AB 81-46 d


  • AB 81-49 Toishi
  • AB 81-60 Paint Spray Gun
  • AB 80-37 Kawara
  • AB 80-34 Kawara
  • AB 81-141 Branding Iron
  • AB 81-4 Hard Hat
  • AB 81-74 Nail Pouch
  • AB 81-40 Mallet
  • AB 81-69 d Brush
  • AB 81-62 c Hammer
  • AB 81-51 d Chisel
  • AB 81-65 Crowbar
  • AB 81-46 d Saw
  • AB 81-138 Nails
  • AB 81-51 l Chisel
  • AB 81-48 Carpenter's Plane
  • AB 81-66 d Trowel
  • AB 81-59 a Carpenter's Square
  • AB 81-51 j Tool Belt
  • AB 84-13 Ink Line
What is it?
What is it made of?
Where is it from?
When was it made?
Object ID
AB 81-46 d

This carpenter's saw, one of a set of five, is called a ryōba nokogiri in Japanese. Some of the saws in the set were used as back-up tools in the construction of The Japanese House in 1979. The saw has a flat, rectangular blade with small teeth on both sides and a wooden handle wrapped in bamboo. For these types of saws, the longer the saw, the larger the teeth were.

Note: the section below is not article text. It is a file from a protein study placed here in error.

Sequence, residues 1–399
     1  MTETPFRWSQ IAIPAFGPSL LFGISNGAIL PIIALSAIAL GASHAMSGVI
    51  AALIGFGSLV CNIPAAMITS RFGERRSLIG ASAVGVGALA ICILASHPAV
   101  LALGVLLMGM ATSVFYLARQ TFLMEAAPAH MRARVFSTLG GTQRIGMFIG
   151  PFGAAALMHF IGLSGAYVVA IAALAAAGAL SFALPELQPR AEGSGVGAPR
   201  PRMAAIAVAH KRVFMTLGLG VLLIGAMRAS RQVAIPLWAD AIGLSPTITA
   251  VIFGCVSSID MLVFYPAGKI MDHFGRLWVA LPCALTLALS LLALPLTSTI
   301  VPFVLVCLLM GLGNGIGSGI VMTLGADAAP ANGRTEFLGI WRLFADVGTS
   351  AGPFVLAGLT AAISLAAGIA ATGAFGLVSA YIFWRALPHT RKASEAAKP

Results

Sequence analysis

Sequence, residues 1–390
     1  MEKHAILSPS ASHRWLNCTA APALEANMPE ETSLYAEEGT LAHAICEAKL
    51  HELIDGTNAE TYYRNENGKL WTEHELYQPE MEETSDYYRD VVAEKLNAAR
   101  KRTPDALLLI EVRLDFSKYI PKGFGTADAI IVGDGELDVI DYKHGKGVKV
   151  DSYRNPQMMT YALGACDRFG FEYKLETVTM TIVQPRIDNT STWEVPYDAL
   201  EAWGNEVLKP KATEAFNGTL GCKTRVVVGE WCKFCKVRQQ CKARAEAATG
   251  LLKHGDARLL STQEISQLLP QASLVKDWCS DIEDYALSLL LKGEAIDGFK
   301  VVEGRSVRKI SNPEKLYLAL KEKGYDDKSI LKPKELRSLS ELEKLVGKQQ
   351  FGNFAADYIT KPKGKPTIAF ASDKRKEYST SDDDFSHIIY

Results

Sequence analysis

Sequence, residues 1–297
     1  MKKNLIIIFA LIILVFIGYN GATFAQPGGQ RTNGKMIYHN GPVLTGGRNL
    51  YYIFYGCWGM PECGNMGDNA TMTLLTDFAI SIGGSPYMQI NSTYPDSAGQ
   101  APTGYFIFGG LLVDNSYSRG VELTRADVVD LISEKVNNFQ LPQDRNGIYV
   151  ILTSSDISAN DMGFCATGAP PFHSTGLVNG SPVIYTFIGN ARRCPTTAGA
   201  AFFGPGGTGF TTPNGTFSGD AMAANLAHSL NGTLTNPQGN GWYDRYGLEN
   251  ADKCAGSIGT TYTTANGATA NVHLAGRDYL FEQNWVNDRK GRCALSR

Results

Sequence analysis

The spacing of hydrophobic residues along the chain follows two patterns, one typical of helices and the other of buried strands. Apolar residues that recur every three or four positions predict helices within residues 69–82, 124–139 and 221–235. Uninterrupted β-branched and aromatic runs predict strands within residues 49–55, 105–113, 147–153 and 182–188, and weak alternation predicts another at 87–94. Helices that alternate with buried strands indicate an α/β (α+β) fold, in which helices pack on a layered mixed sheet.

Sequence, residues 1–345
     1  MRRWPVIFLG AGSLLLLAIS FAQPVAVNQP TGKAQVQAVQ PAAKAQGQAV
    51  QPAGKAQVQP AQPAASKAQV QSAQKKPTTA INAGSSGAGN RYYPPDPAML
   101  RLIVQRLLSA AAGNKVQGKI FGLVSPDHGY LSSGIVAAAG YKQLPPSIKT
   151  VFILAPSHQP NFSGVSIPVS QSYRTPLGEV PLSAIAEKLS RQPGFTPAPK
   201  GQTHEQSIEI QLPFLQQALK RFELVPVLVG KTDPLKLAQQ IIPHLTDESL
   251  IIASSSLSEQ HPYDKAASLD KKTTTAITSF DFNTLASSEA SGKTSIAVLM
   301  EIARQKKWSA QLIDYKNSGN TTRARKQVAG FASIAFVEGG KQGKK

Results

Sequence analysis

The saws were made shortly before use, but in a very traditional form. They are likely from the well-known tool production town of Miki or from another similar production center. These types of saws are only meant for cutting soft woods (those normally used in construction of Japanese homes). Each carpenter would have seven or eight saws that match a particular task. The size of saw used depended on the thickness of the wood. The side of the saw with the teeth closest together is the one used for the cross-cut; the other side is used for ripping along the grain. These saws differ from American saws in that they are used to cut on the drawing stroke (pulling the saw rather than pushing). A saw file, or yasuri, was used to sharpen the saw.

Gift of Yasuimoku Komuten Co., Ltd., 1979
AB 81-46 d Saw